No one likes goodbyes, and it’s difficult to think of saying goodbye to a family as warm and loving as The Fosters. Luckily for us, there’s a spin-off in the works. With that in mind, The Fosters has come to an end, but made it clear that this is not the end for the Adams-Foster family. The show concluded its five-year run on Freeform with a three-night series finale event that jumped five years ahead in the future. This was a clear move to mark the next chapter of the kids lives now that they are adults. Because this isn’t the end, it’s just a new beginning.
Brandon’s journey to the aisle was tumultuous, at least the portion the audience saw. The audience didn’t know Brandon’s fiancee Eliza before this series finale. Therefore it is really difficult to judge her and Brandon’s relationship without seeing it from the beginning. What we do know is that Brandon was stressed during this destination wedding, and a lot of it had nothing to do with Eliza herself. Thank God for Mike. He shows up right when his son needs him most. He recognizes that the problem is with Brandon, and his inability to choose what he wants in favor of what others need. He and Eliza were fine before her parents started meddling and they started feeling pressure that had nothing to do with them. Only two people matter in a marriage.
Which is how we see the end of Brandon and Callie’s story. True to The Fosters, it’s not the end of the story, just a different chapter. While this might be hard for ‘Braillie’ fans to hear, these two just aren’t meant to be a couple. That’s not a bad thing. They were each other’s first real loves. They may even be each other’s ultimate loves. But whose to say that love has to be a romantic partner? Why can’t that be your best friend? These two found a way to stay in each other’s lives forever, in a way that gave them both the love and support they deserved.
Two other relationships ended during this trip as well. Mat and Mariana, and Jesus and Emma, are at the end of the line, for now. It’s not that they don’t love each other, and it’s not that they don’t belong with each other, eventually. But now they are all in their early 20’s. They are young adults exploring the world on their own, and that means focusing on what they want instead of who they want. I’m confident Jesus and Emma will get there eventually. They went through so much more than most couples in their early years, and put in the work in their long-distance relationship during the college years. That’s a really deep love that can win out.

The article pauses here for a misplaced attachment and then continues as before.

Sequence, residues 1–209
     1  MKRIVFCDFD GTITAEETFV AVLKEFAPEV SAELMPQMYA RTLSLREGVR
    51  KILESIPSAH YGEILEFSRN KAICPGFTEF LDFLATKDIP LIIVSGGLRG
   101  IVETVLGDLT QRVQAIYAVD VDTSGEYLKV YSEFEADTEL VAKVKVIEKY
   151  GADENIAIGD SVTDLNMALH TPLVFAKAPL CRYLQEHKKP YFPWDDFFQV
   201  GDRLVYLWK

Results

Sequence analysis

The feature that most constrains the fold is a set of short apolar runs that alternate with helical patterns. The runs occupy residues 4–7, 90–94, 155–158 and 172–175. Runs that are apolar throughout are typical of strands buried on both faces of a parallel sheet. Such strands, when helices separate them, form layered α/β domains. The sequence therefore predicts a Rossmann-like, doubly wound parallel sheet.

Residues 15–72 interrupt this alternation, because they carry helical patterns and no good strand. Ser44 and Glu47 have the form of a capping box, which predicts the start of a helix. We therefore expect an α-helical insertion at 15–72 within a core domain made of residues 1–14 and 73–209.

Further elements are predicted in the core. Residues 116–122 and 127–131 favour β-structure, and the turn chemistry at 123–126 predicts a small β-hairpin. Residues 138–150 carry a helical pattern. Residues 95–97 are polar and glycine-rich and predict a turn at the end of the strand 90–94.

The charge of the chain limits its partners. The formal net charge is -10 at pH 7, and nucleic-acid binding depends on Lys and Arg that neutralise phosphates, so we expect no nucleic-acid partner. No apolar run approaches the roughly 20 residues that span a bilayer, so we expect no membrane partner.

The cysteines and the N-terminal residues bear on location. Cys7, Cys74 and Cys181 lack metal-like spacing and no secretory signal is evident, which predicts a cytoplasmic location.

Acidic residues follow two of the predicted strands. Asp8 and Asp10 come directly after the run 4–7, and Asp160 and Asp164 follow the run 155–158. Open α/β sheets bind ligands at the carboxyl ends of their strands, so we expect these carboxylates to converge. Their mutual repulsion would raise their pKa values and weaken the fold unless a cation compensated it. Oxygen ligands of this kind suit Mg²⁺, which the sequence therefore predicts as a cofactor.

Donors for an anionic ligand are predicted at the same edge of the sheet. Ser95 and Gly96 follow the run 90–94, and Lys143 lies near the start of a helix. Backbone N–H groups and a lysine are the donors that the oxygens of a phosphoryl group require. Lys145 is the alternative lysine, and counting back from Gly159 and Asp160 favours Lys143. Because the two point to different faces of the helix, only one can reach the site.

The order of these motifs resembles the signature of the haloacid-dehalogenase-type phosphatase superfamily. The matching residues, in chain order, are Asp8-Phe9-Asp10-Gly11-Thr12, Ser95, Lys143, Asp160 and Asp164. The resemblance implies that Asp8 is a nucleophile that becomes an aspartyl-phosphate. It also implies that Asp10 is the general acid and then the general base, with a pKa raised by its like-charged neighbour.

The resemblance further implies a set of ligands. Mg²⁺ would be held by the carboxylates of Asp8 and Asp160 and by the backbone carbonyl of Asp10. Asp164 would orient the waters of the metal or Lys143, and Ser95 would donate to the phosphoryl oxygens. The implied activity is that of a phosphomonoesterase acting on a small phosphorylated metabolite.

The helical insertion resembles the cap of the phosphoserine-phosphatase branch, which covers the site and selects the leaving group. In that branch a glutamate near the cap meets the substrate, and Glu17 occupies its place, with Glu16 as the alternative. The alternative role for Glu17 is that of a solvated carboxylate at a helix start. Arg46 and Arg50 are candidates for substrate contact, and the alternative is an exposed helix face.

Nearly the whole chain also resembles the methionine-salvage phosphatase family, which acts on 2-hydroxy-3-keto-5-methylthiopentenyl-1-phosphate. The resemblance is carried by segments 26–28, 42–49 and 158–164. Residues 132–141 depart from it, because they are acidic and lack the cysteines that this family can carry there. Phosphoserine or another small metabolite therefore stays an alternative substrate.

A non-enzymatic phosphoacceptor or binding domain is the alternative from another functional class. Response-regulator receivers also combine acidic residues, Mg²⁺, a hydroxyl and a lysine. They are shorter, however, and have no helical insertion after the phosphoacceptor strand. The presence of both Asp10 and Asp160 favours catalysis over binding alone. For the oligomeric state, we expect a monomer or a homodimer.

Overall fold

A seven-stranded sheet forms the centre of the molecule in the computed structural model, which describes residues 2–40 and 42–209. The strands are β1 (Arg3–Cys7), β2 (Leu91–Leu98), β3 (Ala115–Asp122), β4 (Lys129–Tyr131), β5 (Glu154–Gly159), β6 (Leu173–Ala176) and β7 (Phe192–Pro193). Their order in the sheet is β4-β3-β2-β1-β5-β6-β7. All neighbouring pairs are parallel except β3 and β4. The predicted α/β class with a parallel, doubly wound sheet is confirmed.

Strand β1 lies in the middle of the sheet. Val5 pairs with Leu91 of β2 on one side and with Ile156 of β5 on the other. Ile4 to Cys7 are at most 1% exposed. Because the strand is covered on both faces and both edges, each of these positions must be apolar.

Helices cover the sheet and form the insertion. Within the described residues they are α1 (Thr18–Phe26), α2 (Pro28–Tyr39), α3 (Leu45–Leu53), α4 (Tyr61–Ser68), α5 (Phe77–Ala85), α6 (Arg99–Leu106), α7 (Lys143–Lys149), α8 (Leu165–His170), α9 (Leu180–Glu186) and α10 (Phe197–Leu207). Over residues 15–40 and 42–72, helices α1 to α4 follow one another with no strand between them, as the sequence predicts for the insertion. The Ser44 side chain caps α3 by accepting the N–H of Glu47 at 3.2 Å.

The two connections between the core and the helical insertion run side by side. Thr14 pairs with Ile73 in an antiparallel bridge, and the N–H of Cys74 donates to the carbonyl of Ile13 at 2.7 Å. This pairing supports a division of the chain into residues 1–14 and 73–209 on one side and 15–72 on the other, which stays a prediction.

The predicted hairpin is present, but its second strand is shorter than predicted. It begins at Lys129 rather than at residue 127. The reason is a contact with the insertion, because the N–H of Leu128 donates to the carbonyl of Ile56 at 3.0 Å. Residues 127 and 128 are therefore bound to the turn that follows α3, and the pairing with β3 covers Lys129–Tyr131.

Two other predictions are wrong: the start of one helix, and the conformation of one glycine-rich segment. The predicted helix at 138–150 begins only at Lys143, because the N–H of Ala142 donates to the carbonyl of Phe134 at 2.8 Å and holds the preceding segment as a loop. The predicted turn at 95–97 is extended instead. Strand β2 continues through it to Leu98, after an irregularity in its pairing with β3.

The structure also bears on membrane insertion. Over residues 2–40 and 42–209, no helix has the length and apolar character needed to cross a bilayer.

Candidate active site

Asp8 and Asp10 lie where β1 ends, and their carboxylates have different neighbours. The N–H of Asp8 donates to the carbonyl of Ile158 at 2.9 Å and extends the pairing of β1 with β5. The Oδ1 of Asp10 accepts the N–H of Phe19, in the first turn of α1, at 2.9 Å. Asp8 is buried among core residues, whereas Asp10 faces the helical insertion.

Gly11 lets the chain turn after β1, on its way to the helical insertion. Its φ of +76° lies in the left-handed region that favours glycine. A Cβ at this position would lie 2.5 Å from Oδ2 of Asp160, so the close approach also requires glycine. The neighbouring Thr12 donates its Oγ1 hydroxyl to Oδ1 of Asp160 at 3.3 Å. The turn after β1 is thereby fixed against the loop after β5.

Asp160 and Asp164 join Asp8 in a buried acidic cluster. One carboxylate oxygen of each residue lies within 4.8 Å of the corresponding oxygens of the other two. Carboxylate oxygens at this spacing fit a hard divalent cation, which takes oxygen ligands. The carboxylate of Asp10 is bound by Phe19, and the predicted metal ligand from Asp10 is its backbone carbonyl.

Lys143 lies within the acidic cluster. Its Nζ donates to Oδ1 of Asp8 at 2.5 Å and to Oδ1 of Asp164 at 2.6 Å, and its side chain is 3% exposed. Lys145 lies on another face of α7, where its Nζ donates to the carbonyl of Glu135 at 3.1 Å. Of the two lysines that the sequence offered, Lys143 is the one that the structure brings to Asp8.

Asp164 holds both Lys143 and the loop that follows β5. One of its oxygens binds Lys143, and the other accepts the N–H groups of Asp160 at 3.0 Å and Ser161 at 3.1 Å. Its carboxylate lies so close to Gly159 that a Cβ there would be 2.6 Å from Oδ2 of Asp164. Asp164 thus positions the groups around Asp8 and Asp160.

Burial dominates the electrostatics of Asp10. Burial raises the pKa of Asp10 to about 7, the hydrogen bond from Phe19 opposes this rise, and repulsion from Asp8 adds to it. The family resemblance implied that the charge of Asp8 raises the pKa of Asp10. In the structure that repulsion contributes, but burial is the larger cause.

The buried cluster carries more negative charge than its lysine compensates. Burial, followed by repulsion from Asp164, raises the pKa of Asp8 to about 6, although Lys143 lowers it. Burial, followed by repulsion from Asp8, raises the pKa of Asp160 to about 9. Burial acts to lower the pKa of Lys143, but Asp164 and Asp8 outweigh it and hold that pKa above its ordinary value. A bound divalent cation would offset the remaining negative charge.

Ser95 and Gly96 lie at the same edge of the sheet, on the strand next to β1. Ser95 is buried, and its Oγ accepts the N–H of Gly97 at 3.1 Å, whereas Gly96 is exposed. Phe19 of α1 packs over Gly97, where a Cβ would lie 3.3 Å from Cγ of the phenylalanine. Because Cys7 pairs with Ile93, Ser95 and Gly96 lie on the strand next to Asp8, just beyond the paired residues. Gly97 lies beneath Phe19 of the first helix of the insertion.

The kids are focusing on themselves now, but in true Fosters fashion, they do it in a way that keep them connected. Though Callie gets the clerkship with the judge she wants, she chooses instead to take the one with a conservative judge in Los Angeles so that she can be closer to Jude at UCLA. Eliza’s brother Jamie (Beau Mirchoff) makes a really good point that this job will be more beneficial so that she can offer her own progressive insight to a major conservative decision-maker. She’ll be able to really bridge the gap this way. Plus, she’ll be closer to Jamie. Who else likes the idea of this guy sticking around Callie? I’m really interested in seeing him as a series regular on The Fosters spin-off.
When Stef and Lena get back, their foster son Corey has decided to live with his mother now that she is drug-free. It’s tough, but it’s the right thing for Corey. With all of the kids out of the house, and with encouragement from Eliza’s parents, Lena decides that she will run for a State Assembly seat. That means selling the house, which the kids support.
But this isn’t the end of the Adams-Foster’s story. Looking ahead to the spin-off Good Trouble, we’ll explore Callie and Mariana’s journey in Los Angeles. The girls are setting out completely on their own. The safety net is gone, and that’s a good thing. They’ll get to meet really interesting people, and finally change the world instead of just talking about doing it someday. Someday is now. Plus, we have the added bonus of cameo appearances from other Fosters characters.
Did The Fosters series finale feel like a worthy conclusion to the show? What would you like to see from the upcoming spin-off Good Trouble?
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